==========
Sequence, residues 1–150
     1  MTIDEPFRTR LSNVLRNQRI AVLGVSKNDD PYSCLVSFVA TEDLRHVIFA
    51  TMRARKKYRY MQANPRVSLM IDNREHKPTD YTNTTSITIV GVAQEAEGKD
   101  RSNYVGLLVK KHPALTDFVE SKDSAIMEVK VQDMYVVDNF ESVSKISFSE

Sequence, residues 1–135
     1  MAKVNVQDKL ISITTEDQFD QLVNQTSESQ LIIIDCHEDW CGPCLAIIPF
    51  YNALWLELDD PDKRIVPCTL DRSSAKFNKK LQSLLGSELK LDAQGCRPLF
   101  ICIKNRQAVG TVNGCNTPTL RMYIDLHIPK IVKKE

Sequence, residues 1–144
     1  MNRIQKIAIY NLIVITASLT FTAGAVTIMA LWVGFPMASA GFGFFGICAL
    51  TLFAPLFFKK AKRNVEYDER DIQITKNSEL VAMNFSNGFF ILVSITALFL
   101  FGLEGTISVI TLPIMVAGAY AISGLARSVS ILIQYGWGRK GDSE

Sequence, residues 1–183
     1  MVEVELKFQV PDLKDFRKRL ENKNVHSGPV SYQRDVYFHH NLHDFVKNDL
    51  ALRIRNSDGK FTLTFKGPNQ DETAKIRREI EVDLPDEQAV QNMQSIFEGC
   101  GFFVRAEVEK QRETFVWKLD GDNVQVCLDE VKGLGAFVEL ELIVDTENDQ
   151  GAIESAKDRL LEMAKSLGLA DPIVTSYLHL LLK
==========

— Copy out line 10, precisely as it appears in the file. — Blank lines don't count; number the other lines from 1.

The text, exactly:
     1  MNRIQKIAIY NLIVITASLT FTAGAVTIMA LWVGFPMASA GFGFFGICAL